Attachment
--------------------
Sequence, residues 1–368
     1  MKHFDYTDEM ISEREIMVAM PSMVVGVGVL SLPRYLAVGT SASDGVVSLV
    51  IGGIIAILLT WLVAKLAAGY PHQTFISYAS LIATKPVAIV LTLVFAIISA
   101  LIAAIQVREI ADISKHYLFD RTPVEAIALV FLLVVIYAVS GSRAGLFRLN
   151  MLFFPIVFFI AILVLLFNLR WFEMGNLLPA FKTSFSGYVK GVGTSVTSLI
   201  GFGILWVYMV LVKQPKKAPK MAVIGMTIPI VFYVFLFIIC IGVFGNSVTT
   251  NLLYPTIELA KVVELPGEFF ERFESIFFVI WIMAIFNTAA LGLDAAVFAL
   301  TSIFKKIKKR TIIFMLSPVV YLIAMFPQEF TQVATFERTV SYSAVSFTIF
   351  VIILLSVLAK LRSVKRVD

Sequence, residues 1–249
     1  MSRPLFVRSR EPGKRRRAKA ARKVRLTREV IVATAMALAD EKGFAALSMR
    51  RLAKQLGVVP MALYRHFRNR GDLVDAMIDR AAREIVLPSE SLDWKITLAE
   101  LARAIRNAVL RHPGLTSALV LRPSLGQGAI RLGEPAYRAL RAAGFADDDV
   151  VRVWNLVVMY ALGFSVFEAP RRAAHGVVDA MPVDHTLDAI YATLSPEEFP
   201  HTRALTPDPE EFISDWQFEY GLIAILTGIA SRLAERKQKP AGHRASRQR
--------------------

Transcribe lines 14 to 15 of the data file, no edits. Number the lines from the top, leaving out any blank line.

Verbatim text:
   151  VRVWNLVVMY ALGFSVFEAP RRAAHGVVDA MPVDHTLDAI YATLSPEEFP
   201  HTRALTPDPE EFISDWQFEY GLIAILTGIA SRLAERKQKP AGHRASRQR